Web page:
§ 67. Mr. PETO
asked the Secretary to the Treasury whether, under Circular A.S. 29, Table F, Alternative 2, a man of sixty-seven years of age will receive the sum of 9s. a year, payable in quarterly instalments, in return for compulsory contribution of 17s. 4d. a year, if he is continuously employed; whether this will operate to his advantage in a case where such a man has been a contributor for forty years to a club which has dissolved in consequence of the passing of the National Insurance Act; and, if not, whether he proposes to take any steps to prevent men over sixty-five years of age being deprived of all sickness benefit in consequence of the passing of the Act?
§ Mr. MASTERMAN
Under the table referred to in the question a man of sixty-seven years of age will receive a sum of 9s. a year for life in return for a contribution of 4d. a week payable until he reaches the age of seventy, which cannot in any case exceed three years. If a man of this age is not insured for sickness benefit, whether in consequence of the dissolution of his society or because he has never been a member of a society, he will probably consider that alternative No. 2 or Table F is not adapted to his circumstances and will join an approved society offering alternative No. 1, which provides (after the six months' waiting period) payment in sickness at the rate of 6s. a week from the fourth day for the first thirteen weeks, and 5s. a week for the second thirteen weeks. This is additional to the sick pay his own society would give him if it continued in existence, or to what he would be able to purchase with his 808 share of the divided funds if it dissolves. The National Insurance Act does not require clubs to dissolve; on the contrary, its normal effect is to improve their solvency.
§ 70. Mr. PETO
asked the Secretary to the Treasury whether any approved societies have adopted Alternative No. 1 in Table F of Circular A.S. 29, issued by the National Health Insurance Commission and, if so, which; if so, whether 6s. a week for thirteen weeks and 5s. a week for thirteen weeks compare favourably with the average sickness benefit hitherto paid by small societies and clubs, now dissolved, and of which many men now between sixty-five and seventy years of age have been members; and, if not, how he intends to prevent the passage of the National Insurance Act depriving these old men of the adequate provision for sickness at the age when they require it most, for which they had made unaided provision?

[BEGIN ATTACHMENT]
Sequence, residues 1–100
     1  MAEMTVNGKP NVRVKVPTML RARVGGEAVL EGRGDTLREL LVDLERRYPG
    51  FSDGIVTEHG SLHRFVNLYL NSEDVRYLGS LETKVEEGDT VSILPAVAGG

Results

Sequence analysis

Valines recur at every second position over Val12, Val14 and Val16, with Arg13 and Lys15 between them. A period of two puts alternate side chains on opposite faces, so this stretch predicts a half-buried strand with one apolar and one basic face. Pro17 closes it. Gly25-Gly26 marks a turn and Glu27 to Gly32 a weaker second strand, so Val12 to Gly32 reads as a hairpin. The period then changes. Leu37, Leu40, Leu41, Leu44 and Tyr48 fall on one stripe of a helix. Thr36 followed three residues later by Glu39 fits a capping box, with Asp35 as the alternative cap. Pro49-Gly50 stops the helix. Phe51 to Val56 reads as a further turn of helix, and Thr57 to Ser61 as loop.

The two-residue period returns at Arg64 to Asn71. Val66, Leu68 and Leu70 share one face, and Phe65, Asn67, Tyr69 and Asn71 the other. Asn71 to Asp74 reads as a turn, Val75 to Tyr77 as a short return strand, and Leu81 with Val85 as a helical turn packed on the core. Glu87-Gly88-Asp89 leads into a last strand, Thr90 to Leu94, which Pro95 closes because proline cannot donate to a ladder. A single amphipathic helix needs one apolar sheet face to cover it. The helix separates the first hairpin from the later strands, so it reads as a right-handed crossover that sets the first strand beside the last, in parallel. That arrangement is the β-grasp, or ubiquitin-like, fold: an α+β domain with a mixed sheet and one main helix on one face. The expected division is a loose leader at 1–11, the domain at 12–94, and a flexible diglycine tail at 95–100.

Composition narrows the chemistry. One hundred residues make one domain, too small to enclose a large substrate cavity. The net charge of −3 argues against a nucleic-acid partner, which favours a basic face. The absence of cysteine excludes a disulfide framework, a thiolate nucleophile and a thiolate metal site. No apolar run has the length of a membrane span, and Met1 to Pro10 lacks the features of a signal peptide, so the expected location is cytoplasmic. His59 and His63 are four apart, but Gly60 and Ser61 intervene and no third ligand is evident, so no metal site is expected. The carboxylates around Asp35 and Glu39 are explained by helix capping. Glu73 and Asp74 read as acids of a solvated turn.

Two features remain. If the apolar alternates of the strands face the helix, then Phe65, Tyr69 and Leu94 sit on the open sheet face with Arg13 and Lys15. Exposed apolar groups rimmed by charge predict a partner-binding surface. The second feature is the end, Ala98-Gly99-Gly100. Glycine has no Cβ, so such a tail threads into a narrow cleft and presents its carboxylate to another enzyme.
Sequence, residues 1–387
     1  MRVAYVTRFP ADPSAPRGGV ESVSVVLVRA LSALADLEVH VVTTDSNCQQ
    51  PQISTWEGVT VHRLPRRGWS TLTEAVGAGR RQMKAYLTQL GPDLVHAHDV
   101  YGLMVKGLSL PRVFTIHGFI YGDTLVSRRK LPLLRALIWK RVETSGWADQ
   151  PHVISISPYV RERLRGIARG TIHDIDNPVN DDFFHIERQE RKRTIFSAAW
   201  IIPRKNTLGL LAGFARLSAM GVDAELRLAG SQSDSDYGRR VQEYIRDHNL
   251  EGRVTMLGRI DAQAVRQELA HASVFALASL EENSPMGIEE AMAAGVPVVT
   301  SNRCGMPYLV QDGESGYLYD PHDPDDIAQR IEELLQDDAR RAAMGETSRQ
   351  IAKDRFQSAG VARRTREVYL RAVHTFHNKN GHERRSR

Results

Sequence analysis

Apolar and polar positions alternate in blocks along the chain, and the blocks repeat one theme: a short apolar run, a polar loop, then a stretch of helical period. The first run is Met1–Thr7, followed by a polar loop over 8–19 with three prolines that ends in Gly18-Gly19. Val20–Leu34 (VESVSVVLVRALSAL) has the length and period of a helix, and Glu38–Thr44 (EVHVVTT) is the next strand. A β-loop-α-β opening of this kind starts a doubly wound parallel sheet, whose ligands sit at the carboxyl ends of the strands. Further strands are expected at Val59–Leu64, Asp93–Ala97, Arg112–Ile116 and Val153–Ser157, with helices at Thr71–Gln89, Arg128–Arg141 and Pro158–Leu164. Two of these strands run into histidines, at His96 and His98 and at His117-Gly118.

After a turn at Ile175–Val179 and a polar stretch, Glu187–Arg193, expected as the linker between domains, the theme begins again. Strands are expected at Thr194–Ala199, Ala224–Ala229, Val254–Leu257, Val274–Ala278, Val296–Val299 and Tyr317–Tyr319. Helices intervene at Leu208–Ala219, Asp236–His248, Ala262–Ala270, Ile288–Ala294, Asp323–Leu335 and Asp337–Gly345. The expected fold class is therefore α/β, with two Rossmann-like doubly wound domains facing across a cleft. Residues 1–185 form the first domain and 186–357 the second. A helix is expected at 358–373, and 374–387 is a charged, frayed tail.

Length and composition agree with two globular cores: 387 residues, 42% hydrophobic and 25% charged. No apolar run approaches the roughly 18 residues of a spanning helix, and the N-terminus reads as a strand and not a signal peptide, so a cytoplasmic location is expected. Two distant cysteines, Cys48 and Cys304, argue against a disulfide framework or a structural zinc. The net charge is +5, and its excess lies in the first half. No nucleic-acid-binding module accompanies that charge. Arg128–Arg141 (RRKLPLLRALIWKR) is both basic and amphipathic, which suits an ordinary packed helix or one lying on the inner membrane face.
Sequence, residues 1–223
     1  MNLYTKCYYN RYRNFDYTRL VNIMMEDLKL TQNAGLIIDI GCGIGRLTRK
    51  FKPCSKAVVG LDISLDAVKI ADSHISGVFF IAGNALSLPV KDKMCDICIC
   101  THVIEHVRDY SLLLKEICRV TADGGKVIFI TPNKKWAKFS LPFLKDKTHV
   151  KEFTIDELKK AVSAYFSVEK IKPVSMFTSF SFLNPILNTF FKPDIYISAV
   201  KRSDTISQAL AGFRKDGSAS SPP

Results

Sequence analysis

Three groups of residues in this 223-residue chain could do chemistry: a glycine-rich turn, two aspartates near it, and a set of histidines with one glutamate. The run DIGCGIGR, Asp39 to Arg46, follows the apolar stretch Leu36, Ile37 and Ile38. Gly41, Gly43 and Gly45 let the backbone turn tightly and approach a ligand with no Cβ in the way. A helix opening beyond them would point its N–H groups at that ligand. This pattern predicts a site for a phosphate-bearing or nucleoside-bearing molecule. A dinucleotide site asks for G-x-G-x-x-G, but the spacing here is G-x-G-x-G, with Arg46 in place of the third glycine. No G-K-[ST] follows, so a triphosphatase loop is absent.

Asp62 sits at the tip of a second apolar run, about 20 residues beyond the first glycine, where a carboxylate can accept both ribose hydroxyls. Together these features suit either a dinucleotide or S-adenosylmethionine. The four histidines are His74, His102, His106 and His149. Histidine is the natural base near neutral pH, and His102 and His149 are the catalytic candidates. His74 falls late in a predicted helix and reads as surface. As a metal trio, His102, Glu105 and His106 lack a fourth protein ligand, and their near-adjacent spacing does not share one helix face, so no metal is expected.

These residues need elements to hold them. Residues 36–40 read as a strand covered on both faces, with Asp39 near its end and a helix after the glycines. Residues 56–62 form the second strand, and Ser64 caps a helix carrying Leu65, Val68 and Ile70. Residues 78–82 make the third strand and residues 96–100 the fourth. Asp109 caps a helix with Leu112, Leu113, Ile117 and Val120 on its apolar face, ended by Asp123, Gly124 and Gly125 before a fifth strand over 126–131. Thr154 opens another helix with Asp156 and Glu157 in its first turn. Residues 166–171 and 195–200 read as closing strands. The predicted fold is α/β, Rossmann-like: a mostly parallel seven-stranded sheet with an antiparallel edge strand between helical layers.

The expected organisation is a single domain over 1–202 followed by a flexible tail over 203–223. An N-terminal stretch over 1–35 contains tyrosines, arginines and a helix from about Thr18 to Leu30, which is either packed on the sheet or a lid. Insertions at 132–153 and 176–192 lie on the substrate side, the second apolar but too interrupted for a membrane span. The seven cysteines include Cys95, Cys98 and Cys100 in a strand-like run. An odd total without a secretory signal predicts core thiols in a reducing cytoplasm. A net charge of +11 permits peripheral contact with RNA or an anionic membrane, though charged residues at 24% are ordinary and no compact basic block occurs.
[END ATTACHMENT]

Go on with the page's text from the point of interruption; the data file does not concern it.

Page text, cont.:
§ Mr. MASTERMAN
Practically all approved societies have provided by their rules for the adopting of one of the alternative tables in Circular A.S. 29, but information is not yet available as to which intend to adopt alternatives 1 and 2 respectively. The benefits under Table F are fully supported by the contributions receivable in respect of persons aged between sixty-five and seventy, to which the insured persons contribute only 4d. out of every 9d. It is impossible to ascertain the average sickness benefits hitherto paid by small societies and clubs now dissolved. If, however, any of the dissolved societies to which the hon. Member refers were unsound financially, they were not in a position to pay their benefits whatever they may have been, and any such comparison as is suggested by the question could only be in favour of the benefits secured by the operation of the Act. If they were financially sound they have presumably shared out, and their members will have received the full money value to which they were entitled and will receive in addition, if insured persons under the Act, the benefits stated above.